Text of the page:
Tuesday, May 22, 2018

Social Communication Impairments in Childhood Sometimes Linked to Later Suicidal Behavior

Children who have difficulty communicating in social situations—a trait common in children with autism spectrum disorder (ASD)—may be at higher risk for suicidal ideation and behavior in late adolescence compared with those without these problems, according to a report in the Journal of the American Academy of Child & Adolescent Psychiatry.

“Suicidal behavior in individuals with autism is often underreported, particularly in those with impaired communicative abilities and comorbid self-injurious behavior,” Iryna Culpin, Ph.D., of the University of Bristol and colleagues wrote. “Our findings emphasize the potential importance of assessing whether self-injurious behavior occurs in the context of suicidal ideation.”

For the study, the authors analyzed data on a subset of children who were participants in the Avon Longitudinal Study of Parents and Children, a large birth cohort study in the United Kingdom. The starting sample included children who had received a diagnosis of ASD or showed signs of difficulties in at least one of four ASD traits—social communication, pragmatic language, repetitive behavior, and sociability—measured by parent report on validated instruments. Culpin and colleagues also examined how these youth responded to questions about self-harm and suicidal thoughts or plans at age 16. Complete outcome data on suicidal behavior and ideation at age 16 years were available for 5,031 adolescents.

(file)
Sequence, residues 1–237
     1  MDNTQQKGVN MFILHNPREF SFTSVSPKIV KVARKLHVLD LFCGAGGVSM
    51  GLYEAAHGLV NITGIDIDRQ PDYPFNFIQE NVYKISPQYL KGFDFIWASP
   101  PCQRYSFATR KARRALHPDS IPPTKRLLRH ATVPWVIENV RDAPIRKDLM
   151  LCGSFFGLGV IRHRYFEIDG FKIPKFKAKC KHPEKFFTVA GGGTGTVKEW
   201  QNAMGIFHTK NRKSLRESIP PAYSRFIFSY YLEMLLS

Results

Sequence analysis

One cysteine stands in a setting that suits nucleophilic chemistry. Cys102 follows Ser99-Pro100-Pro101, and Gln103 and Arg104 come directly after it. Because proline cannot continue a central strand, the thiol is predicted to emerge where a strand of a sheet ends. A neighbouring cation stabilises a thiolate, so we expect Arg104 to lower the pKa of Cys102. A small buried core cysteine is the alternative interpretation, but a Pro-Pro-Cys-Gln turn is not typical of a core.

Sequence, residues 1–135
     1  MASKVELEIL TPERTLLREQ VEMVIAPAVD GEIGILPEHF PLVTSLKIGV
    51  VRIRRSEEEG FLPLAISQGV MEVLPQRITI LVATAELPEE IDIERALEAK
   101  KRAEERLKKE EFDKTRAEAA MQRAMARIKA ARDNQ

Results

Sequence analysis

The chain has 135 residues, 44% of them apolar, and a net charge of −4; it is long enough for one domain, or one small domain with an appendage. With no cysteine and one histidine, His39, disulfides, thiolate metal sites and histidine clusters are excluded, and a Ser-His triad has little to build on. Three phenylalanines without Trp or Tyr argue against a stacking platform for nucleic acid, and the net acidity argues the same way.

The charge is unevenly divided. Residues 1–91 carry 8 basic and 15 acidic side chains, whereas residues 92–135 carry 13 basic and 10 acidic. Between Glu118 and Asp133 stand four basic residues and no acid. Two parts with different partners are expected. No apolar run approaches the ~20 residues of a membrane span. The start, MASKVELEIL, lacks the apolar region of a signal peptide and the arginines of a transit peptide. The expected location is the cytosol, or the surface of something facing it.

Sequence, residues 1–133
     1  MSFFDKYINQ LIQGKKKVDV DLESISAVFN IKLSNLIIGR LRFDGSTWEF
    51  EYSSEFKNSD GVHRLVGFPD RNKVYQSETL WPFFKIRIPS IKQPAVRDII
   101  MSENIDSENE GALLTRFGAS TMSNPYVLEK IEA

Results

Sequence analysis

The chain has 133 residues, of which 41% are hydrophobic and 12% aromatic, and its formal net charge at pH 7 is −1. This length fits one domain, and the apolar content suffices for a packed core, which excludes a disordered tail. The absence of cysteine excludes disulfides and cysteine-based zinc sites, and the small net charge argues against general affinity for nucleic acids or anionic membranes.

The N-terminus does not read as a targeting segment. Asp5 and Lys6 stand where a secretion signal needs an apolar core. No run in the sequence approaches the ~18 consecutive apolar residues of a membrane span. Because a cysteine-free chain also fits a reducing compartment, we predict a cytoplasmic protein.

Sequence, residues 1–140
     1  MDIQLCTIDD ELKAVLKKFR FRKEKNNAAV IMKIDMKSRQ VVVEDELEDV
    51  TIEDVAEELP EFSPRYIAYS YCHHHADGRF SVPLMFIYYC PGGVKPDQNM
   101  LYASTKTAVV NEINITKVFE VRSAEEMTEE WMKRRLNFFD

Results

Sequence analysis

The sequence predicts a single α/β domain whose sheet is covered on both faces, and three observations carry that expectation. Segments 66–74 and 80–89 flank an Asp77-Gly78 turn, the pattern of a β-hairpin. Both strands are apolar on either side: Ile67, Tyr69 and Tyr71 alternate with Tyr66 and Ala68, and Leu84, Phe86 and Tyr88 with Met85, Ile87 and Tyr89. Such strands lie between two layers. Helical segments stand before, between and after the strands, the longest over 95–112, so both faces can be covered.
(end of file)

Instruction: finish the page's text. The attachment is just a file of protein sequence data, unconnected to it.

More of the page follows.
Culpin and colleagues found a statistically significant association between impaired social communication and self-harm with suicidal intent, suicidal thoughts, and suicidal plans. There was no association between an ASD diagnosis, per se, and suicidal behavior.

Additional statistical analysis revealed that “children with impaired social communication skills were at increased risk for depressive symptoms in early adolescence, which, in turn, was a strong risk factor for suicidal behavior later in adolescence,” they wrote. While “depression explained about a third of the variance of the association between childhood autistic traits and suicidal behavior, substantial variance remained unexplained,” they added.

“These results are important in identifying difficulty with social communication as a potential risk factor for suicidality in the context of depressive symptoms,” wrote Jeremy Veenstra-VanderWeele, M.D. (pictured above), director of the division of child and adolescent psychiatry at Columbia University, in an accompanying editorial. “As a clinician who works with the ASD population, I am dismayed but not surprised to see data support our experience with youth who are suffering and considering suicide at elevated rates compared to their peers. …This is an urgent and obvious area for further research to try to prevent what we now recognize.”

For related information, see the Psychiatric News article “Basis of Inability to Regulate Emotions in Autism Identified.”


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